Feature Story                                                             Saturday, January 28, 2017


The Big Table

All walks of life will be welcome at Abby Eats Café

Staff/Submitted photos


Kyle and Ashley Dyck plan to open a pay-what-you-can afford restaurant called Abby Eats Café.


ungry? Not if Kyle Dyck has his dream of opening a café fulfilled by catering to a mix of middle and upper income folks who'll be rubbing elbows with low-income people in Abbotsford.

He already has the name and the logo, and even some of the menu items they'll be serving. All he needs now is a place and the funds to pay for things like rent and licences.

Dyck and his wife Ashley, have been a residents of Abbotsford for 8 years. Prior to that, he was a youth pastor.


Being familiar with local issues, he wants to help by opening a low-income restaurant to give people a break from crippling poverty that'll cater to all classes of people.

If someone doesn't  have the money, they can swap volunteer time to pay for what they ate.

Abby Eats Café is what Dyck calls a "café non-profit, social justice entrepreneurship" eatery. He likes the concept of pay-what-you-can in a place run by volunteers that he sees as an opportunity to provide food security.

"We value a place where everyone is welcome and we provide creative payment solutions for all. Our hope is to create a culture where we eliminate food insecurities, while providing fantastic food and community connections," Dyck told The Voice in an e-mail last week.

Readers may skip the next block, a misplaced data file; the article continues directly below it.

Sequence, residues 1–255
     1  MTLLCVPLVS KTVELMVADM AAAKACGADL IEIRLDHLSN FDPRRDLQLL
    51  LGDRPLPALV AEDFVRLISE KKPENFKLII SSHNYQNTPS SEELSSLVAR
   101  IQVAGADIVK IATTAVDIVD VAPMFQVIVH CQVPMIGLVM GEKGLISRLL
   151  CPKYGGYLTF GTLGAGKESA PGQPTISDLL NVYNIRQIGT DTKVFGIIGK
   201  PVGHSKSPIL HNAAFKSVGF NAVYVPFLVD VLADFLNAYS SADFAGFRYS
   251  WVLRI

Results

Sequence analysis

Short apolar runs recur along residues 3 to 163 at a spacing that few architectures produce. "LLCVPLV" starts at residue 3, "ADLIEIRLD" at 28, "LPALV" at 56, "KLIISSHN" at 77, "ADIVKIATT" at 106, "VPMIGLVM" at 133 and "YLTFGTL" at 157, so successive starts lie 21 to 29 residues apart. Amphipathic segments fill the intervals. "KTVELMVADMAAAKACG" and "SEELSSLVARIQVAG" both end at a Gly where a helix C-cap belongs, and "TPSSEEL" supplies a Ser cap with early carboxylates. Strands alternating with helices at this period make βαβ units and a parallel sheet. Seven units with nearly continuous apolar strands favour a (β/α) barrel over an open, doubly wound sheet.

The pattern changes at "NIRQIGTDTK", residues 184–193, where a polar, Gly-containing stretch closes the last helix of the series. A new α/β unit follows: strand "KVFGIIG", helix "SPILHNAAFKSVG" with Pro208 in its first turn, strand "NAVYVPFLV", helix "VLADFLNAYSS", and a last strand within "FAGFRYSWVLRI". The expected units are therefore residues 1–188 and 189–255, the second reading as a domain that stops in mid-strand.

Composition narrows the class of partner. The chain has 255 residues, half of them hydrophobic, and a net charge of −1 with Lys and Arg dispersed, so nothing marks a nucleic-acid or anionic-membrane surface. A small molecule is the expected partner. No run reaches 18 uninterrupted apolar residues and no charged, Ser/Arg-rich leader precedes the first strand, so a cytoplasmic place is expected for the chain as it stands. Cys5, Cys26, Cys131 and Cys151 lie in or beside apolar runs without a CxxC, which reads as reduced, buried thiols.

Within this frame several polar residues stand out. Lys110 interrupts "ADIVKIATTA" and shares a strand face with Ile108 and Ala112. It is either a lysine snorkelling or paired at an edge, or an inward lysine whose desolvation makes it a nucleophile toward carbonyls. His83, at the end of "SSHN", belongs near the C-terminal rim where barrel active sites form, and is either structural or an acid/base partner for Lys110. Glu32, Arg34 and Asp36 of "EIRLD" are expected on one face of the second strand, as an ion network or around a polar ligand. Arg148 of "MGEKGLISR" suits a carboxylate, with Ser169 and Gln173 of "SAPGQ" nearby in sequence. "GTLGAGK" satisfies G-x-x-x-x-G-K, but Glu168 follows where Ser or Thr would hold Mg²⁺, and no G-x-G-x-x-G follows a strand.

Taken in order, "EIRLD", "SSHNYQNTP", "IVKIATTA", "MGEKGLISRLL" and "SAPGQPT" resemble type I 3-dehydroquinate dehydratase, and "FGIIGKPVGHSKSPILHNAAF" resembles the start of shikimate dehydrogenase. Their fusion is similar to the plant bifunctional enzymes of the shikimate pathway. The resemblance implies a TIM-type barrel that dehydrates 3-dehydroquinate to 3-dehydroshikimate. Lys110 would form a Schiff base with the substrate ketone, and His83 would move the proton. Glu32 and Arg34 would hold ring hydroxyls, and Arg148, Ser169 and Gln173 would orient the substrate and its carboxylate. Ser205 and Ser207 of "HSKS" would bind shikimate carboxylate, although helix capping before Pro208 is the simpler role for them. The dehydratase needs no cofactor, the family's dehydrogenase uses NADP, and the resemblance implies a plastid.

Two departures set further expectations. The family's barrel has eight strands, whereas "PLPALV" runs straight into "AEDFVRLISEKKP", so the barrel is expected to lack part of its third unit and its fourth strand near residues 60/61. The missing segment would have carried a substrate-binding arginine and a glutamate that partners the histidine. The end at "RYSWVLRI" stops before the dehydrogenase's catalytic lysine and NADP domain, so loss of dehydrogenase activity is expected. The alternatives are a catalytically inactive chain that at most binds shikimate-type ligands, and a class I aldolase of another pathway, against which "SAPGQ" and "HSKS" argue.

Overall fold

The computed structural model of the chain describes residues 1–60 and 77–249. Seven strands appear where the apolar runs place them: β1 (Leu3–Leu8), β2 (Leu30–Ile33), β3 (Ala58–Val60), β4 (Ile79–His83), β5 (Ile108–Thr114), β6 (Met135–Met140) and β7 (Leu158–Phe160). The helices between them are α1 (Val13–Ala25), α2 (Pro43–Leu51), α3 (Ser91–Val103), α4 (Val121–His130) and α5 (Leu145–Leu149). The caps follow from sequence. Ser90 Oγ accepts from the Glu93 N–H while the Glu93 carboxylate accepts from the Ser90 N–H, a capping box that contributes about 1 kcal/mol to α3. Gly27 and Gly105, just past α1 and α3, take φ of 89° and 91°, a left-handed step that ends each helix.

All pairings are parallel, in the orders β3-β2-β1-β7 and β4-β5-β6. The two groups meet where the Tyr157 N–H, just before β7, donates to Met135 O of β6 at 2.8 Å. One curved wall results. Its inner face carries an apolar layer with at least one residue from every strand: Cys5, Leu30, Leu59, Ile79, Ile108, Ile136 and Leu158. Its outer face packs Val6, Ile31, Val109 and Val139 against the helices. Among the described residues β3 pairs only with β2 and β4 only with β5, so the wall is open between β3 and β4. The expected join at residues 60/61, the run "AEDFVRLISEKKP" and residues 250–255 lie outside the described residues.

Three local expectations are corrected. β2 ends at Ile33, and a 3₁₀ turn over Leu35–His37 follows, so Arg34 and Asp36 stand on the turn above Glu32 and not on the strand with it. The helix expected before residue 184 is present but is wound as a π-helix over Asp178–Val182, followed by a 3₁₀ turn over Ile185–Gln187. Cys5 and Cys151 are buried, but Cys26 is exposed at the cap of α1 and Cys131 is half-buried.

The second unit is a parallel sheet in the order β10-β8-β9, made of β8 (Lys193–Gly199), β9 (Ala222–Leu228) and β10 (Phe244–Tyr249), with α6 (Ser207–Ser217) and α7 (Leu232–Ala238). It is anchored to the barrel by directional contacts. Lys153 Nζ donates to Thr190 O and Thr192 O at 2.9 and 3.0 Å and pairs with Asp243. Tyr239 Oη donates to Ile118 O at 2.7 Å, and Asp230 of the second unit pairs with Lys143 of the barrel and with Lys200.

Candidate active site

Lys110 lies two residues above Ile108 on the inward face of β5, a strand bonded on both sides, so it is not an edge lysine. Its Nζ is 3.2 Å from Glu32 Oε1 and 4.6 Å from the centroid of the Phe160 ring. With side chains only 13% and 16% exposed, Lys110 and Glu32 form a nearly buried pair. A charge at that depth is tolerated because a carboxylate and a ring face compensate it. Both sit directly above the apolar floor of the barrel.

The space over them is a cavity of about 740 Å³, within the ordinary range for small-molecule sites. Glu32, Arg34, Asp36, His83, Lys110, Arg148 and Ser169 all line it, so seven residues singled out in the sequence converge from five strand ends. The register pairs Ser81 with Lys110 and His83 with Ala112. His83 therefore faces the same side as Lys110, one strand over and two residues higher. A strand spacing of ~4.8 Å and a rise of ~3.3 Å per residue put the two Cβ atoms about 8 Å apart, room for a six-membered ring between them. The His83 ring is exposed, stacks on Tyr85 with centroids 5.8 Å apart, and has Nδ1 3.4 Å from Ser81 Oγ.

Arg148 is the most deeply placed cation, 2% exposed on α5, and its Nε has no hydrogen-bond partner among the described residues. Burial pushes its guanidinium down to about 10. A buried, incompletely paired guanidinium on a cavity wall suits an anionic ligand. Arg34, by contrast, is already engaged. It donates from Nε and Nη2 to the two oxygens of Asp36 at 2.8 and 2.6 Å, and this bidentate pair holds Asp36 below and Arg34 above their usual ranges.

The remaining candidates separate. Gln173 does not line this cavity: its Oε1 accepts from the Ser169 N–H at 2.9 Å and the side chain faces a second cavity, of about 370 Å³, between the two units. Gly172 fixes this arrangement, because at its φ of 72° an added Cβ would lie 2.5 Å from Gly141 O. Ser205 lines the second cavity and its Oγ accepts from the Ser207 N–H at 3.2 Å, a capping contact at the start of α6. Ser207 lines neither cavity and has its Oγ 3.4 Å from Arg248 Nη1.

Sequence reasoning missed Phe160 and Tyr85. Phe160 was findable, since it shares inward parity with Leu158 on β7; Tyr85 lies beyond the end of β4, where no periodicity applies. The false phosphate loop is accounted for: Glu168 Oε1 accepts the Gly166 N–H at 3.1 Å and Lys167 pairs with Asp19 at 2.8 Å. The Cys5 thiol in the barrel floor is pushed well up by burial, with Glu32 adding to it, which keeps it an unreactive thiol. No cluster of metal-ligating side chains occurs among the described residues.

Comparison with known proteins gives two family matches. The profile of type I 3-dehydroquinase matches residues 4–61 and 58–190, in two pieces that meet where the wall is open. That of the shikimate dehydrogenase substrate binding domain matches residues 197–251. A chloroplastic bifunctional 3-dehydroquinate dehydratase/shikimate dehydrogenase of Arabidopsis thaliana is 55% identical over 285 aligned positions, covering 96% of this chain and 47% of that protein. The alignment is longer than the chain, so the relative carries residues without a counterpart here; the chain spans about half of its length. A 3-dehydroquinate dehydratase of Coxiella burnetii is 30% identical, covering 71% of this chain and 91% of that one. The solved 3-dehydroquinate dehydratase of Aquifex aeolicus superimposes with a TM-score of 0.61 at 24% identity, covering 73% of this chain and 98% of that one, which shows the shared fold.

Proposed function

According to Dyck, low-income people will be rubbing elbows with people who have higher incomes.

"The best case scenario is that we have a healthy mix of social economic classes engaging with the cafe consistently," explained Dyck. "We will not be successful if we are only engaging with the upper middle class and not addressing the poverty crisis in Abbotsford."

Some of the ways he plans to charge people are:

1. Pay what you can afford.
2. Pay the full amount of the suggested meal price.
3. Pay the full amount of the suggested meal price, plus a little extra to “pay it forward.”
4. Give your time in service to “pay it forward” for your neighbor to enjoy a meal.
5. Give your time in service to pay for your meal. This provides a “hand up, not a hand out” opportunity.

He's costed it out, and they'll need to raise 75,000 dollars in start-up capital before launching, and an average of 50,000 dollars in donations per year to maintain sustainability."

At this point, it's unclear if there's a groundswell of support from the community for Abby Eats Café, but Dyck is networking with churches, businesses, individuals with hopes to raise the money.

"A big part of the success and sustainability of this concept relies on donations and the generosity of the community. My hope is to raise money from churches, from businesses, from individuals and from any grants that may be available."

Aside from a job for himself, he'll also be looking for a chef and other volunteers to help run the café.

Providing it's "successful and effective", they may open similar restaurant in Chilliwack a few years down the road.

Keep an eye out for Abby Eats on social media as they start to spread the word. Dyck is optimistic he can find members of the community who want to help.

Instagram: abbyeatscafe
Twitter: abbyeatscafe1
E-mail here.
Contact Kyle Dyck at  or 778 878 3490 for more information.



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